Yet, behind all the smoke, all the mirrors, all the claims of jobs, jobs, jobs, we have paid little attention to the continuing degradation of Jay Peak’s mountain ecology. I have read that one of the Vermont state employees who works for the EB-5 program loves selling Vermont and its environment to other people. I believe many of those folks are Chinese.

    Nothing against the Chinese, but I found this comment ironic. A Chinese author writing about China’s horrid environment in the New York Times wrote:

    “The entire country is sick, and cancer has spread to every organ of this nation. In our society, profit and G.D.P. count more than anything else. A glittering facade is the new face of China. Behind it, well-off people emigrate, people in power send their families to countries with clean water, while they themselves consume quality food and clean water through the networks that serve the privileged.”

    So: Sell Vermont’s clean environment to those who have ruined theirs. Then, they can come in and help Bill Stenger ruin ours.

    Pat Moulton is a quality person. I hope she does not end up tainted by association. As for Brent Raymond, whom I do not know, his “great man” utterance sounds, to me, like a classic case of regulatory capture. But, of course, this is Vermont. What else is new?

  • Paul Lorenzini

    Speculators failed, woe be they. HOORAY!!!!!!!!!!!!!!1

  • ray giroux

    So, these investors didn’t do their homework. A brief study of the daily operations of JP would have showed just how oppressive this company is. Typical corporate OPPRESSION by holding workers at low pay and not giving employees enough hours a week to offer any benefits. JP has sucked all the money out of the Mom and Pop business surrounding the mountain.

    And to think that James Douglas gave this man, Stenger, an appointment to study why young people are leaving Vermont to find gainful employment, really!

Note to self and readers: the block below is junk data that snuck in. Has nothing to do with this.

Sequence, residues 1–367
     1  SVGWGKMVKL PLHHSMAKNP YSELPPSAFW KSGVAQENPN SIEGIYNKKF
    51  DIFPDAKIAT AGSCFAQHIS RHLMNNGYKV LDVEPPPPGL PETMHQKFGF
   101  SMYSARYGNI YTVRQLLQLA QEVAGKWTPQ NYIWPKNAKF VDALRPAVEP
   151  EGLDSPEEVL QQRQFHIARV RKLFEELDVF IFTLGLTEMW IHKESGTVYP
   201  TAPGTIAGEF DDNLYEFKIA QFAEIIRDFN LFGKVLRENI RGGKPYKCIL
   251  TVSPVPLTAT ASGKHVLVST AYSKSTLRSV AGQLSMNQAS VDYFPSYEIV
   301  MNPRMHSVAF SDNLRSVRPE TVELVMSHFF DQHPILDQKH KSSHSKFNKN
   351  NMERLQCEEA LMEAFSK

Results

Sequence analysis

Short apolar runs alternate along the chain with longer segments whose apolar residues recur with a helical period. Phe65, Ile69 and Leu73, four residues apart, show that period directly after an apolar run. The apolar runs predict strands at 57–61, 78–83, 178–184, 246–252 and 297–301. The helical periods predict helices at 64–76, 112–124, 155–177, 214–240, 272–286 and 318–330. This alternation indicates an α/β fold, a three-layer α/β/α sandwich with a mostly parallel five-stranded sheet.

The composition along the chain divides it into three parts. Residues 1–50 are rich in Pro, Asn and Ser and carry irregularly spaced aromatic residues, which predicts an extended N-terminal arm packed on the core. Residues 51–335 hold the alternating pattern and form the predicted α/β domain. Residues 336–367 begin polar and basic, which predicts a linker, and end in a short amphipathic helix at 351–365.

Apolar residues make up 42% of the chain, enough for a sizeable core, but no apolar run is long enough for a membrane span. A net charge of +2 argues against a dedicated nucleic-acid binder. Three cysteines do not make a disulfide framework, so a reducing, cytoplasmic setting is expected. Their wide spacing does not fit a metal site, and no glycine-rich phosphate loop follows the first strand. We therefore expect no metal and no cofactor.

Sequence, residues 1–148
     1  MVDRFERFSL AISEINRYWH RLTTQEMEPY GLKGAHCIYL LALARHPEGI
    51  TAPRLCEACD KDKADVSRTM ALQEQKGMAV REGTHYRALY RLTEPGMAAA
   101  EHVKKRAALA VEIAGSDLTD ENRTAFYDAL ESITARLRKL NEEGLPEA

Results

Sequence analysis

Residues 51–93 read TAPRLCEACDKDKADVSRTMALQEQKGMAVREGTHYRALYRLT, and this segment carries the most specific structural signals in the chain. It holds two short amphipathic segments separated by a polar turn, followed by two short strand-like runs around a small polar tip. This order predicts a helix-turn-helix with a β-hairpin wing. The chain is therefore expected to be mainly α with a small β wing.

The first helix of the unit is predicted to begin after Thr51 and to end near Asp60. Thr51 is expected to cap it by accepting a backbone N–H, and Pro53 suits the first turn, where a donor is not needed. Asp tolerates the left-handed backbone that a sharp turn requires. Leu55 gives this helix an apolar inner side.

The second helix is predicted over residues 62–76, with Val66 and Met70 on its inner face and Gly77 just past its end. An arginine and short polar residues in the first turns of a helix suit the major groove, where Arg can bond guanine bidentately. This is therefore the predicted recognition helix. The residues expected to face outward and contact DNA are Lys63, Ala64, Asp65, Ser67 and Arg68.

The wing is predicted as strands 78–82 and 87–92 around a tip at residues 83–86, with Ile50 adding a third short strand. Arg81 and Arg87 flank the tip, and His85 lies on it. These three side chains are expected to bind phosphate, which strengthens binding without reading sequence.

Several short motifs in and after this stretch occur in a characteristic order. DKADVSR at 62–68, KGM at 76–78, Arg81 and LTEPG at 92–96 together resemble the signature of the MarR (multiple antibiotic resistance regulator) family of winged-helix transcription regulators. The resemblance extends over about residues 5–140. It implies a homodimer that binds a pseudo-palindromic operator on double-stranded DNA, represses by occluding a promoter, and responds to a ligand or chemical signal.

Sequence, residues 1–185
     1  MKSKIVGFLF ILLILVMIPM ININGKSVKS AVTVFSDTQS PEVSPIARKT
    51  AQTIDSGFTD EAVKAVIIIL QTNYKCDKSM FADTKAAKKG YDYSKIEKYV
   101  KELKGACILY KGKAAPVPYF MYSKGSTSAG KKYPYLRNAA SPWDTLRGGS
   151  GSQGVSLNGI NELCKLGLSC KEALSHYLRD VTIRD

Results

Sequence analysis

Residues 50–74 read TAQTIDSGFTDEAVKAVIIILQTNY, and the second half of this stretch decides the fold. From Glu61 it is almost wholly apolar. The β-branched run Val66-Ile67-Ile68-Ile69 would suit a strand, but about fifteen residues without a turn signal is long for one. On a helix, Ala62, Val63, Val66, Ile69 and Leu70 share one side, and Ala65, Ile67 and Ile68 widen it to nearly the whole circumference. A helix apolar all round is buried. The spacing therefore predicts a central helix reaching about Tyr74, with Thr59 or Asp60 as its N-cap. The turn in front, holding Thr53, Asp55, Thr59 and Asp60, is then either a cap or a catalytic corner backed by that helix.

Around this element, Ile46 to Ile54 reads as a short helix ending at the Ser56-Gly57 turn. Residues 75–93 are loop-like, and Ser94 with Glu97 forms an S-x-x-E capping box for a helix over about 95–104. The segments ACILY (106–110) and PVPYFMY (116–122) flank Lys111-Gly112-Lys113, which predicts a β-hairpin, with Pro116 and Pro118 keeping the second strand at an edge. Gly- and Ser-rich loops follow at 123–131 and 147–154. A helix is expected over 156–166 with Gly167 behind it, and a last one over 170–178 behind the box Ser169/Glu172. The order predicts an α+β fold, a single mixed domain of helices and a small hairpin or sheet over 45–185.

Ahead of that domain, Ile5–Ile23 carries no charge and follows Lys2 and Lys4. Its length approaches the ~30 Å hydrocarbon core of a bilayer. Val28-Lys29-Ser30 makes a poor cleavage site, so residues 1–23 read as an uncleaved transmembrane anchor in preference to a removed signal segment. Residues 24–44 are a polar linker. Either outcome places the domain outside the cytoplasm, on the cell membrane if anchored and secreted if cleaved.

• Howard Ires

    If this was just a case of a shady developer ripping off his investors it would be bad enough, but this was a government sanctioned international program! What a black eye for the State of Vermont.

    Good luck to anyone else trying to find EB-5 investors for a project after this debacle.

  • Lea Terhune

    Enough of photos of buildings lit up like Christmas trees. They advertise waste, excess, garish over consumption.

  • Howard Wooden

    Great piece of reporting!

  • There is no illegality, no smoking gun. VT has no obligation, legal or ethical, to help these people.

    These are simply some disgruntled entitled rich people who bought their citizenship — ahead of millions of poor people, political exiles, their children etc — & now think they are guaranteed a profit on top of it. (poor guy is leasing a car!!!) Capitalism is risky. If they’re unhappy, do what we do in the great US of A. Sue.

    What is the point of this endless “expose”? Don’t the US govt & the state of VT favor the rich enough??

    • Randy Koch

      Judith Levine: The point of the exposé is that the Shumlin Adm is complicit in fleecing these folks. That’s pretty interesting whether or not the fleecees are rich or reduced to enduring life in 1,700 sq ft houses. Having given the scheme rather conspicuous seals of approval, Shumlin and Co must be down on their knees giving thanks that the VT GOP came up with a comic opponent who isn’t even quite sure where he was born.